Gulf of Mexico DST

Rising sea levels, caused by global change, have become a major concern in countries around the world that occupy low lying coastal areas.  Scientific research indicates that the Global Mean Sea Level has been increasing since the 1990’s and as sea levels continue to rise through the 21st century many island and coastal communities will to need to adapt to the changing landscape by instituting new public policies in order to become more resilient and adjust to the cumulative loss of coastal habitats and shifting shorelines.  As SLR progresses around the globe even a slight increase can have devastating effects on coastal low lying habitats and communities.  Some of the possible environmental impacts of SLR include erosion, submerging of wetlands, contamination of agricultural lands and fresh water aquifers, and the loss of vital and valuable habitat for plants and animals. Rising sea levels may also result in tidal marsh submergence and habitat “migration” as salt marshes transgress landward and replace tidal freshwater and irregularly-flooded marsh land.

Concerns about the effects of sea level rise (SLR), not only from governments but also their populace, are stimulating a global debate on how to manage future changes in SLR and how to mitigate future impacts on coastal human communities and natural infrastructure (e.g. habitats).  In order to create more resilient coastal communities and habitats, which have the ability to mitigate some of the possible effects of SLR, state and federal governments, natural resource managers and community planners need to fully understand what impacts SLR can have on their populations and what scientific information and tools are available to them to better inform their decision making processes with regard to rising sea levels.

The purpose of our sea level rise research is to provide a series of technical tools and future scenarios from analysis to support the practical understanding of impacts to the environment and to human coastal communities that may result from SLR and related climate hazards, including storm surge, in the Gulf of Mexico region. Our scenario-based assessments of natural infrastructure provide regional management products and tools to support enhancing resiliency of Gulf coast communities through improved data, models, and synthesis products to inform the Gulf of Mexico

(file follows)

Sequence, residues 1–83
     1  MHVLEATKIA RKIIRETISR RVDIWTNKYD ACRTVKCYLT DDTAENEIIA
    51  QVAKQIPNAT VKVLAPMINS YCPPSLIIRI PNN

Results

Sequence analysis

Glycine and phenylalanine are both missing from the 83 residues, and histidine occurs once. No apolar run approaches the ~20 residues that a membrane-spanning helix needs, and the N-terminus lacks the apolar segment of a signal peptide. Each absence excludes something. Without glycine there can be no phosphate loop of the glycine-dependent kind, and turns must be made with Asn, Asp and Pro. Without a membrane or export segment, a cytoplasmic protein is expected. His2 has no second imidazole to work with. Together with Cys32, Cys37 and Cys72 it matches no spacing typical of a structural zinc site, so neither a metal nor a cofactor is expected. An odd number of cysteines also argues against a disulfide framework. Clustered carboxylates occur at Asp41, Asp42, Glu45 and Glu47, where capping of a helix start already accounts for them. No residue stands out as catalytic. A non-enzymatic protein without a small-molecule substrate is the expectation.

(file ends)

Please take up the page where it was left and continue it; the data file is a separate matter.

Our research focuses around three spatial modeling efforts, which include:

A) Sea Level Affecting Marsh Models (SLAMM) – SLAMM is a spatial computer model that uses historical and current wetland data with elevation datasets to predict tidal marsh migration and/or transformation under future SLR conditions.

B) Storm Surge Modeling – Storm surge was modeled using ADCIRC, a physics-based model that was selected because it is a highly vetted and commonly utilized storm surge analysis model that is the standard coastal storm surge model used by the U.S. Army Corps of Engineers (USACE) and the Federal Emergency Management Agency (FEMA).

C) Coastal Conservation and Resiliency Analysis – These analyses, which are indicator-based, estimate the potential impacts of SLR and storm surge to human communities and natural habitats; providing additional tools to help improve the resiliency of coastal communities in the event of SLR or storm related impacts.

Each project site has its own distinct characteristics but project outputs produced from each modeling effort may vary.  In addition to providing access to GIS layers for analysis our data platform also provides access to GeoPDF images of each scenario and the final reports for each project site and analysis type.  Not all project sites include the full set of analyses.  Navigating through this website and the data platform will allow you to determine which sites contain which analyses.

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